The Henry rifle was a breech loading, tubular magazine, lever action rifle designed by B.Tyler Henry.
The Henry rifle was manufactured by the New Haven Arms Company in Connecticut. Owned by Oliver Winchester.
The Henry was an improved version of the earlier Volcanic Repeating rifle made by Smith and Wesson. The Henry used copper and brass 44 rimfire cartridges.
It was a major improvement over muzzle loading muskets of the period. The Henry rifle held 16 rounds of 44 rimfire and could fire 28 shots in one minute.
The Henry rifle was designed in 1860 and nine hundred were manufactured between summer and October 1862; by 1864, production had peaked at 290 per month. By the time production ended in 1866, approximately 14,000 units had been manufactured.
At the start of the American civil war starting in 1861, Oliver Winchester had tryed to sell Henry rifles to the Union army. However the Henry rifle cost around $50 while a Springfield 1861 musket only cost $14. Although never officially adopted by the Union army, many soldiers purchased Henry's with their own funds. Soldiers who saved their pay to buy one often believed it would help them survive. Winchester gave Union President Abraham Lincoln a gold plated engraved Henry rifle hoping the Union army would adopt it, although it was never offically adopted the Union army.
To the amazed Confedarates who were armed mainly with muskets, nicknamed the Henry rifle that "Damned Yankee rifle that they load on Sunday and shoot all week!" Confederate lucky enough to capture a Henry rifle had little ways to obtain its cartridges. This meant that wide use of the Henry rifle by Confederates was unpractical. The rifle was, however, known to have been used at least in part by some fifteen different Confederate units. These units included cavalry units in Louisiana, Texas, and Virginia, as well as the personal bodyguards of Confederate President Jefferson Davis.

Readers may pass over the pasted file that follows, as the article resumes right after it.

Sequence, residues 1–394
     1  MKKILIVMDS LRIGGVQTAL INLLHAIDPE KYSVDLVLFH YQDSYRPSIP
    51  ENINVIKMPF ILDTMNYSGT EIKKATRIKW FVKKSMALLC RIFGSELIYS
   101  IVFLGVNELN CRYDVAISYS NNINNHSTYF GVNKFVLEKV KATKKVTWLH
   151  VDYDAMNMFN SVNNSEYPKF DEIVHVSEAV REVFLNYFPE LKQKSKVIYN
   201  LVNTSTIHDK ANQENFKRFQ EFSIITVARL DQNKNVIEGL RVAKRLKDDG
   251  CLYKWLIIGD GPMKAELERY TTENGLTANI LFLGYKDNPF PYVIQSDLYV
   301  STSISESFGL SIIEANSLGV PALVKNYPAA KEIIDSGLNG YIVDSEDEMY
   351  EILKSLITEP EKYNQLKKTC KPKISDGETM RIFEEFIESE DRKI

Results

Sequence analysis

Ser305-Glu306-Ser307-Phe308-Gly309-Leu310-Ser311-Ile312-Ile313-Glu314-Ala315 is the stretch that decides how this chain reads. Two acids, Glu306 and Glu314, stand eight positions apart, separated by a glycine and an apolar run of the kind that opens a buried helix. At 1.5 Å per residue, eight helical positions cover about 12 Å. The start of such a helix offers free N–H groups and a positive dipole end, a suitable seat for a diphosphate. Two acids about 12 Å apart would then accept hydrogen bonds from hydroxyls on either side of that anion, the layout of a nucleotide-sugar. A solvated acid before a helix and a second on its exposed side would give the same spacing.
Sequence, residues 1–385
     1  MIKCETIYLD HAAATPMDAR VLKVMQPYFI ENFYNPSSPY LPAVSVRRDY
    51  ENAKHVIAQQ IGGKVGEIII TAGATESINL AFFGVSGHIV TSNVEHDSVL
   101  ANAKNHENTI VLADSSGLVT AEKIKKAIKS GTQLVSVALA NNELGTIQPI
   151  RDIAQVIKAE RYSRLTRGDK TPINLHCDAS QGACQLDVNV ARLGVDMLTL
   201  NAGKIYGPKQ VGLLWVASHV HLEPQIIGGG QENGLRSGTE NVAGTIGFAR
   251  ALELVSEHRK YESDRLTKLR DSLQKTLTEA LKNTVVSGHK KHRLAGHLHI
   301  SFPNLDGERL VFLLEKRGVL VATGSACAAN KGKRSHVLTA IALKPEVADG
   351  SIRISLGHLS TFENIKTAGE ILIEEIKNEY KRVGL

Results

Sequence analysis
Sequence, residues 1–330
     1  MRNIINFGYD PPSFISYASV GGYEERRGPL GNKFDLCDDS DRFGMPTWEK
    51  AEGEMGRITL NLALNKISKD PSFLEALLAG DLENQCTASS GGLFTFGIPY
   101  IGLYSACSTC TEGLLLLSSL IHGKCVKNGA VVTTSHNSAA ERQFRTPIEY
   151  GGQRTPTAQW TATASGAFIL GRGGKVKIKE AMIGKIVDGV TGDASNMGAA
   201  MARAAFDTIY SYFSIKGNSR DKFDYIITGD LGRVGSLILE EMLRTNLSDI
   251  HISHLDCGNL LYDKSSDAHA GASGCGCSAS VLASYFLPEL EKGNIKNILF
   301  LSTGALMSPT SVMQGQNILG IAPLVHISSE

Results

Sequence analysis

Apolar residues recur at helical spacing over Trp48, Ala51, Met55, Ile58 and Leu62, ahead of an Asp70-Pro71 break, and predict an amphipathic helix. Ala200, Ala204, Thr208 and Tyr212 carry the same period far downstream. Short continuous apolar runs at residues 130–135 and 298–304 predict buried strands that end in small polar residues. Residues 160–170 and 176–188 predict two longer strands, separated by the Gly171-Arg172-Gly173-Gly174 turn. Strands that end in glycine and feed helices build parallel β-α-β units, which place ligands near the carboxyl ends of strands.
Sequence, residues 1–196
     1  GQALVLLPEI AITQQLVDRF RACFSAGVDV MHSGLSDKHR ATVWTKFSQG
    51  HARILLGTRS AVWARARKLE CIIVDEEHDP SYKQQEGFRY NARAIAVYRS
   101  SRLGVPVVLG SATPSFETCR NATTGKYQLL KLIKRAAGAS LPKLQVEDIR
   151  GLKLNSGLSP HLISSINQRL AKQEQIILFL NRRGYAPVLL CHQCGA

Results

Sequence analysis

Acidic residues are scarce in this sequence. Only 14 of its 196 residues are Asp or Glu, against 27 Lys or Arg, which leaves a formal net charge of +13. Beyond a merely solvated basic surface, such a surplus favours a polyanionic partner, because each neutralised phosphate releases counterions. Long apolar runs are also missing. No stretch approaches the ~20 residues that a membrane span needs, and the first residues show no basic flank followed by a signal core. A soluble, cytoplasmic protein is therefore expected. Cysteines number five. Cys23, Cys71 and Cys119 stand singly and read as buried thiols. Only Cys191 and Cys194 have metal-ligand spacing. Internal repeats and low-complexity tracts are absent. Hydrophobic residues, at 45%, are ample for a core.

The Henry rifle's main competition at the time was the 7 shot Spencer repeating rifle. The Spencer fired a heavier more powerful 56 rimfire cartridge, it was also cheaper and simpler in construction compared to the Henry. The Spencer was actually adopted for service by the Union cavarly, however the Spencer used a manual hammer which had to cocked to eject a cartridge to pull the lever to recock and load the weapon while one pull on a Henry rifle's lever loaded and ejected in one pull.
After the war the Henry rifle went west and was used against the Native Americans in Redcloud's war of the late 1860's. Many Indians used Henry rifle's at the battle of the little Big horn in June 25th 1876 against Custer and the 7th cavarly. The rapid rate of fire the Henry gave to the Indians helped them defeat the 7th cavarly who were using single shot Springfield carbines.
Production of the Henry rifle ended in 1866, the Henry rifle though effective had its problems. It used a slot in the tubular magizine for loading which allowed dirt to enter the weapon and would eventually make it fail to fire. There were no side plates on the rifle and the shooter's bare hand holding the rifle would get burned as the rifle heated as it was fired.
The Henry rifle was redesigned, in 1866 the New Haven arms company was renamed Winchester repeating arms and a new improved version of the Henry made its appearence. The new rifle used a loading gate and had sideplates. It was quicker to load and safer to shoot. It became the first lever rifle under the Winchester name.
Modern Henry rifles are produced and sold today, Uberti offers a replica of the Henry rifle but in 44 40 and 45 colt instead of 44 rimfire.